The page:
Blood falls


Blood Falls

This is an amazing sight ——— a 5-storey waterfall that gushes from a fissure, spills down the rocky shore into Antarctica’s LAKE BONNEY.  This waterfall pours bright-red water right out of the white TAYLOR GLACIER.  Its “shocking colour” and “gory appearance” are “alarming”, but, of course, this isn’t really blood.  Its red colour comes from “iron”.
BLOOD FALLS is iron-rich, with hyper-saline water leaking out from a salt lake underneath the TAYLOR GLACIER.  When the “iron” in the water comes into contact with the air, it oxidises and essentially rusts.  This is what lends, the water, the “blood-red” colour that one sees when it spills down the glacier.  The reddish discolouration, seeping out of Taylor Glacier, is due to iron oxides and some very old sea-water trapped during the MIOCENE PERIOD some 5 million years ago.

Blood-Falls-from-above


The Taylor Glacier is about 54km long, flowing from the plateau of Victoria Land into the western end of Taylor Valley, north of the KUKRI HILLS, south of the ASGARD RANGE.  The middle of the glacier is bounded on the north by the INLAND FORTS and on the south by BEACON VALLEY.
The glacier was discovered by British National Antarctic Expedition (1901-1904) and, at that time thought to be a part of FERRAR GLACIER.  The Western Journey Party of the British Antarctic Expedition (1910) determined that the “upper” and “lower” portions of what was known as FERRAR GLACIER are “apposed”, i.e. joined in Siamese-twin fashion north of KNOBHEAD.  With this discovery, Scott named the “upper” portion for Griffith Taylor, geologist and leader of the Western Journey Party. —-The Taylor Glacier has been the focus of a measurement and modelling effort carried out by researchers from the University of California at Berkeley and the University of Texas at Austin.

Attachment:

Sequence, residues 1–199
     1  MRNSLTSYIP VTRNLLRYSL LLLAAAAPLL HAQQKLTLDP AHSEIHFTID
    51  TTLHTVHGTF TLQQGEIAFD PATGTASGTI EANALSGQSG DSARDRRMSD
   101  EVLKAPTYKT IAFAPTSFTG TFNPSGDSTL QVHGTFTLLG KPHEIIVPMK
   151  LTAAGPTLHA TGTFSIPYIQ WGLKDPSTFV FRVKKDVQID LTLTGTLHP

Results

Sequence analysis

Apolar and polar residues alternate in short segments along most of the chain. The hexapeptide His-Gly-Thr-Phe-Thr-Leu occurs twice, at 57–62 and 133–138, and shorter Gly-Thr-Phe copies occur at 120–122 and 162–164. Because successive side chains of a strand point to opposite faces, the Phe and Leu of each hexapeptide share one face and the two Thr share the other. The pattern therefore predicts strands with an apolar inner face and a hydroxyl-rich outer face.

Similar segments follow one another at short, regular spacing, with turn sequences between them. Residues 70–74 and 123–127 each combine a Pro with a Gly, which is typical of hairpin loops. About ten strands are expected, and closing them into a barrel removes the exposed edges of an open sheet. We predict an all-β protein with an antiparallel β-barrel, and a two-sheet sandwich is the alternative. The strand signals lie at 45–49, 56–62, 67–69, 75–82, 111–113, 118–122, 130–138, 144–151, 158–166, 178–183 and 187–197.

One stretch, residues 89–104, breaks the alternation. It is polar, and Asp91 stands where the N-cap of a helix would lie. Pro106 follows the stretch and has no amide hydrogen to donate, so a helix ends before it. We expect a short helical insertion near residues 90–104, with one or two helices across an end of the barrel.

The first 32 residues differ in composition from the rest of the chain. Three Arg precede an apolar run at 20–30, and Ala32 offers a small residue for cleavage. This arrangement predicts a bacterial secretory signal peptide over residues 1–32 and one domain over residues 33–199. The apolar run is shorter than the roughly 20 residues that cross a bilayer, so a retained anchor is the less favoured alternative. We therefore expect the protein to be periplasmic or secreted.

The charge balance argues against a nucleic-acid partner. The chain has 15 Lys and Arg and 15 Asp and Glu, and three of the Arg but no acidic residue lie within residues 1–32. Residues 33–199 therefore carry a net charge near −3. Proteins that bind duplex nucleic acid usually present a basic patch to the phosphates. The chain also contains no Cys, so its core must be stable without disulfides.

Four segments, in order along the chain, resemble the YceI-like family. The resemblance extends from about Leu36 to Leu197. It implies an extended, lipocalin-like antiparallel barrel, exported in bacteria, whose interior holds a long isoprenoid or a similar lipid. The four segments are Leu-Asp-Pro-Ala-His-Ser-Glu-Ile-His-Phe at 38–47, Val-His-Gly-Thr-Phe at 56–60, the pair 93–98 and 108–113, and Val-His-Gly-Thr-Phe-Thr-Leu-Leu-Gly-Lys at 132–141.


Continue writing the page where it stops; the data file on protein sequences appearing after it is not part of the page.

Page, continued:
Blood falls


Like the glaciers in the McMurdo Dry Valleys, this glacier is “cold-based”, meaning its bottom is frozen to the ground below.  The rest of the world’s glaciers are “wet-based”, meaning they scrape over the bedrock picking up and leaving obvious piles of debris (moraines)  along their edges.  “Cold-based” glaciers flow more like putty, pushed forward by their own weight.  “Cold-based” glaciers pick up minimal debris, cause little erosion and leave only small moraines.  They also look different from above.  Instead of having surfaces full of “crevasses”, “cold-based” glaciers are comparatively flat and smooth.

Taylor glacier


Perhaps at a time, when this valley resembled a “fjord”, some sea water was trapped in the lower portion of the valley.  When the Taylor Glacier eventually advanced over the top of that lake, the sea water was essentially “freeze-dried” and “trapped”.  The glacier moved forward and down through the valley, it captured some of the deposit and forced it up into the body of ice.  The hyper-saline water fortuitously, through a “crack” in the ice, was “oxygen-free” and rich in sulphate and ferrous ion.
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